8. Really great to hear that people are still paying for traditional software. I hear about it less and less. What kind of software do you build?

  9. We focus on productivity. Saving people time and money by making solutions for time consuming complex operations. We find many people like to turn there work from days into seconds. We feel good that we can make products that help other be more productive in there daily life.I think you do not hear about what people buy, more so than what they found free. It like they can not belive this product they found was free. The message FREE hits the airwaves in masses. Free does that, the word gets out fast. A paid solution takes marketing on behave of the bussiness selling it. You may get lucky every once in a while with word of mouth or a review from one of the trade rags. Free will always overshadow paid. Anyone will take free if it is avaiable, even if they do not need it.I just do not get how anyone can survive life with no income. How many people go to college thinking hey, I will work for free when I join the workforce.

  10. I totally hear you on the marketing required for paid software. You really need to get the word out and convince people it’s worth the money. You can’t rely on word of mouth not only for the reason you mentioned ("Free" hits the airwaves harder) but because something that is free simply will have a larger user base, so you have more people talking about it.<div><br></div><div>But that’s fine, if you are charging for your product, you don’t need a huge user base to be successful. 100k paid customers is better than 10 million non paying ones, even though the 10 million will get you more buzz on twitter and other media.</div><div><br></div><div>There are so many products and services out there that save you time. But sadly I think many people don’t put a monetary value on time and would rather do something inefficiently than spend money to make their lives easier.</div><div><br></div><div>I know i might be overly liberal in being willing to pay for services that save me time (major things like accounting, minor things like laundry). But I think there should be a middle ground where people realize paying for services is a good thing, and worth it to them in the long run. You say people are paying for software, and I hope you’re right.<br><div><br><div><div></div></div></div></div>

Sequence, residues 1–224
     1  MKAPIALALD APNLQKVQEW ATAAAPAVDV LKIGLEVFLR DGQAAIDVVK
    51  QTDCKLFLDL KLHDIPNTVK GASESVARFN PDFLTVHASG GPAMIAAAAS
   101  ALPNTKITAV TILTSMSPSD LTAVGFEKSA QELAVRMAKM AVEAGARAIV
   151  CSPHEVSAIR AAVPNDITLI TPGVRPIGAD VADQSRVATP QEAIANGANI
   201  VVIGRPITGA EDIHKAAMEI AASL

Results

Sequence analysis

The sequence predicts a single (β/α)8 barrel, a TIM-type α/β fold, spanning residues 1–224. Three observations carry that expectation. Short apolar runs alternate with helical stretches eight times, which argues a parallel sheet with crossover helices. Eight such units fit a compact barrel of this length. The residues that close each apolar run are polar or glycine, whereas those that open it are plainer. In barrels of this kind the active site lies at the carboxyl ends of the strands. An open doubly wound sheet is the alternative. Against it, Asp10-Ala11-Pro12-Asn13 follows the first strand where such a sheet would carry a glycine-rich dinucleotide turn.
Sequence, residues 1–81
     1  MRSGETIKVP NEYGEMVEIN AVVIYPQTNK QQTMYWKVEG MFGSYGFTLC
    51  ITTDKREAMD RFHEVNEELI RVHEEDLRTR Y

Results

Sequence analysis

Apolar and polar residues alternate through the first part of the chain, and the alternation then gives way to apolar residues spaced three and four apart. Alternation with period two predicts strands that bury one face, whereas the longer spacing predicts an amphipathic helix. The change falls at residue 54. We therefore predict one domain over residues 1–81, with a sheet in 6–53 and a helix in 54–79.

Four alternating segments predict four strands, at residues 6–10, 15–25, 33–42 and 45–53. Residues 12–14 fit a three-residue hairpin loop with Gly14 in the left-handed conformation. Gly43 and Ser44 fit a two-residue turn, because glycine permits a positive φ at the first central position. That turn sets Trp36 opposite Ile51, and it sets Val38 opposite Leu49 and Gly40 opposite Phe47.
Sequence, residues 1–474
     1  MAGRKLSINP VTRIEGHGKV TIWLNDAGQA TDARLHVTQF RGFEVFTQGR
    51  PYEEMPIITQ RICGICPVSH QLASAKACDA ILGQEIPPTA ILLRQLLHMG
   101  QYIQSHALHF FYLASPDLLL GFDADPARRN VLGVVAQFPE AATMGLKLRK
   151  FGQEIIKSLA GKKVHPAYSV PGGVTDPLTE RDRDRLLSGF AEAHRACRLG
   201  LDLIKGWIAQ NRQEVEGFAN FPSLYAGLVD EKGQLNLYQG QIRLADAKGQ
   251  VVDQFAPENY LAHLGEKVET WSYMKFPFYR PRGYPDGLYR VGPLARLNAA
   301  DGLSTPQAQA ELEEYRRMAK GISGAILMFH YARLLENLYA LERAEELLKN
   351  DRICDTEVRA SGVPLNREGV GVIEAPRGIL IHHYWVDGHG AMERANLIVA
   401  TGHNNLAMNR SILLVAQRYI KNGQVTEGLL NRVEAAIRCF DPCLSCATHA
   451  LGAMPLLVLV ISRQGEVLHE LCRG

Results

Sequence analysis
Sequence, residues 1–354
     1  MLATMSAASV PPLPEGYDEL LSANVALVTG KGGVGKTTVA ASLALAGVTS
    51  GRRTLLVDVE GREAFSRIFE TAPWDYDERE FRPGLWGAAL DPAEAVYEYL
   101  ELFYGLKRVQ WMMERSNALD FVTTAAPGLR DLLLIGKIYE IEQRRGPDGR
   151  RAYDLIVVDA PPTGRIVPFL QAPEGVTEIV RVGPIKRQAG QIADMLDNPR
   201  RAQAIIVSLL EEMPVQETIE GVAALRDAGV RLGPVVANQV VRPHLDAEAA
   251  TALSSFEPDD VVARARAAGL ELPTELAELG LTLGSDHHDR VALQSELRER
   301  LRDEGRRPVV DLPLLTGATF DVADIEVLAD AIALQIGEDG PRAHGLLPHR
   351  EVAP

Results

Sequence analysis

11. I let you in on a little secret. Cross platform development. Do not skip over the mac market. We found the Mac user base buys way more, and will pay more than the windows user base for software. Witch seems odd because there more windows users in the world than mac users. Apple already did all the hard work here for developers to succeed. Apple marketed the mac to people that spend money in the 1st place. Look at the Apple product line. Apple makes throw away products. Laptops, iMacs, iPods etc. These products are not really upgradeable. Want to upgrade an apple product? You throw it away (or sell it on ebay) and buy a new one (every 2 to 4 years).People willing to do that are willing to pay for software more. Our customer base is 100 to 1 mac users over windows users. That is pure amazing, when macs market share is much smaller than the windows market share.